October 03, 2009

"Afraid to Win": The Story of the 2009 Mets

A few weeks ago, when Derek Jeter was about to pass Lou Gehrig on the Yankees' hit list, I almost posted the following paragraph:

"While needless to say I love watching Jeter play, and I have nothing but warm feelings towards Joe Torre, when I see a quote from the ex-skipper about the Captain like: "Just the tenacity, the determination. He's not afraid to win," I do have a strong urge to bury my head in my hands and weep for the English language. No one in sports is as good as Torre at stringing a selection of pre-approved words into convincing but meaningless sentences. He's "not afraid to win"? How many professional ballplayers are afraid to win? Except Chuck Knoblauch, maybe? Is that really what prevents the average player from being Derek Jeter, their victory phobias? Gah."
I decided not to put it up, because it seemed too grouchy - bitching about one of Torre's well-meaning platitudes in the middle of a nice celebratory moment. But I remembered it the other day while I was watching the Mets lose, again, to the Washington Nationals... Maybe I was too hard on Joe Torre, I thought. Maybe this is what "afraid to win" looks like.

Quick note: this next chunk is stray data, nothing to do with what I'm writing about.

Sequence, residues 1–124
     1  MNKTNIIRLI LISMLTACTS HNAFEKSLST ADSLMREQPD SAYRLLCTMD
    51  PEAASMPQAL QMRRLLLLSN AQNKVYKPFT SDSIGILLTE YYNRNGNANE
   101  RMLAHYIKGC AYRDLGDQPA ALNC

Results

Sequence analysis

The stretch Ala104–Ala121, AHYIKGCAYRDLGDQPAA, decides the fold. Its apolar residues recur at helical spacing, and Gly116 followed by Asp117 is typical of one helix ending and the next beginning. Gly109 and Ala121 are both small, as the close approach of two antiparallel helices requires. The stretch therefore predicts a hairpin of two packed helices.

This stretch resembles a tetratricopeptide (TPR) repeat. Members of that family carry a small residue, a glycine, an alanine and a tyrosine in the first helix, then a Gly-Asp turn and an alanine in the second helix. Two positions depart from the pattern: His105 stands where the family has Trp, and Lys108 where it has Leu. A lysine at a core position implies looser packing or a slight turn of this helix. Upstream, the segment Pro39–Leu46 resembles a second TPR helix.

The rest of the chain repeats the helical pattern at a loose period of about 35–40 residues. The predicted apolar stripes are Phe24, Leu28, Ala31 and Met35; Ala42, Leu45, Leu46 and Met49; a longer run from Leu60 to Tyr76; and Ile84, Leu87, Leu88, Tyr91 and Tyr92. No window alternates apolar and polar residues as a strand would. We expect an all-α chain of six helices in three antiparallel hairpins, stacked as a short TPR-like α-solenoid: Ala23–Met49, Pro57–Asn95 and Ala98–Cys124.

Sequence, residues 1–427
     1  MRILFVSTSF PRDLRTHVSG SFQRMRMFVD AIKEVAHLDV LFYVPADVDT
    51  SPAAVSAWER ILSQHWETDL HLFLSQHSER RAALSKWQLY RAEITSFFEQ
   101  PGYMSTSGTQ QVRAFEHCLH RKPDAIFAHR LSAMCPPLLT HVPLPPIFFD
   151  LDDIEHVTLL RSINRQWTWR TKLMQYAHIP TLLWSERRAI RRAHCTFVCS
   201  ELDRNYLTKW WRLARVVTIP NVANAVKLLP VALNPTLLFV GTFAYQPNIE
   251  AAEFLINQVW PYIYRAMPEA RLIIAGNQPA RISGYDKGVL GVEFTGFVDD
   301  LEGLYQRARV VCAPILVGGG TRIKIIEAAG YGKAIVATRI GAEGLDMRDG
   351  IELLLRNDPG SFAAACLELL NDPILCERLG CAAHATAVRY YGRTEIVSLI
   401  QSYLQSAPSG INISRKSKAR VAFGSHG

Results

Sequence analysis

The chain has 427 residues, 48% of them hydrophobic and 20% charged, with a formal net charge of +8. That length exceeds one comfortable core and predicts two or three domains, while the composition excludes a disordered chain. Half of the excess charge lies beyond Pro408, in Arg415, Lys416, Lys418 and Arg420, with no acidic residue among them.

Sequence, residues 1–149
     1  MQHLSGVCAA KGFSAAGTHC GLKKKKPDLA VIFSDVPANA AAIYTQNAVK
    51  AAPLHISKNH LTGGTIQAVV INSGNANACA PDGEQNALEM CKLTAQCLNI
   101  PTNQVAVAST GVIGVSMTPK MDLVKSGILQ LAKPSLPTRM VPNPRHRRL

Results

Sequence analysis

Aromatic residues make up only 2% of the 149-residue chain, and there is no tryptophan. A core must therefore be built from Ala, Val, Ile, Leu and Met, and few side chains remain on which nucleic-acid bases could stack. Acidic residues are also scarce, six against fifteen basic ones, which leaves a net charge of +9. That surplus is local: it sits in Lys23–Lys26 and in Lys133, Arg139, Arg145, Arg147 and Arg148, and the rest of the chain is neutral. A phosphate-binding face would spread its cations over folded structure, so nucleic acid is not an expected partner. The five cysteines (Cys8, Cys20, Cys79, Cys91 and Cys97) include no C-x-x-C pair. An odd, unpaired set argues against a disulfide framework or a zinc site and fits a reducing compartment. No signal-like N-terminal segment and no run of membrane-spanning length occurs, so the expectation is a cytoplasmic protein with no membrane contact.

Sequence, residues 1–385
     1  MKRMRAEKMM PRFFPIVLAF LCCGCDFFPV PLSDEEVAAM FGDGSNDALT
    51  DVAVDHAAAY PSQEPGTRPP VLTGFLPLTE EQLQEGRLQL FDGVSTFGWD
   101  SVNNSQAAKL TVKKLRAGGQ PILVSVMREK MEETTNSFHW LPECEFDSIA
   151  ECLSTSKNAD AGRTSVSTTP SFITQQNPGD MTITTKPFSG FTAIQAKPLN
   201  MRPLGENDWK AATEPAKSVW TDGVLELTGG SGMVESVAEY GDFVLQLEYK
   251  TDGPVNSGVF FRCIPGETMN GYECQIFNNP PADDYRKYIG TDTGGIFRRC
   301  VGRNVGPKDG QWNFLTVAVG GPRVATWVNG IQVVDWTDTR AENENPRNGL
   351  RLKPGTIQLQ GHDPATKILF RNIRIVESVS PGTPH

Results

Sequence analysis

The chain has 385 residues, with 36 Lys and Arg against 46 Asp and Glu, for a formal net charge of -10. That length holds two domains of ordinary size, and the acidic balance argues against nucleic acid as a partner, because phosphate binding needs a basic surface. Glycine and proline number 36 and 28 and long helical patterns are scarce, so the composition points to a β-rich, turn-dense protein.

I'm not serious, of course - all the psychoanalysis in the world wouldn't make that shredded lineup a pennant winner. But this year's Mets will make you entertain a lot of strange thoughts. They've overcome all kinds of obstacles, and repeatedly defied the odds, to lose in a series of remarkable ways.

(SIDE NOTE: I also thought of my abandoned blog post when Knoblauch was arrested for domestic assault the other day. Afraid to win, perhaps, but not to - allegedly! - hit his wife. Lovely.)

Anyway, I think every Mets fan I know wants Omar Minaya and Jerry Manuel fired, though few have any hope that it'll actually happen. Given the staggering array of injuries, I'm not sure it's really fair to call for their heads... on the other hand, I don't think I can argue with it, either. There's a lot to answer for, and I don't know how else the team would be able to start spring training without this year's toxins hanging over them.

Then again, as an alternative, maybe they could try teaching their players how to run the bases and field grounders. Sure, winning is frightening - but just using both hands to catch popups, that's not so scary, is it?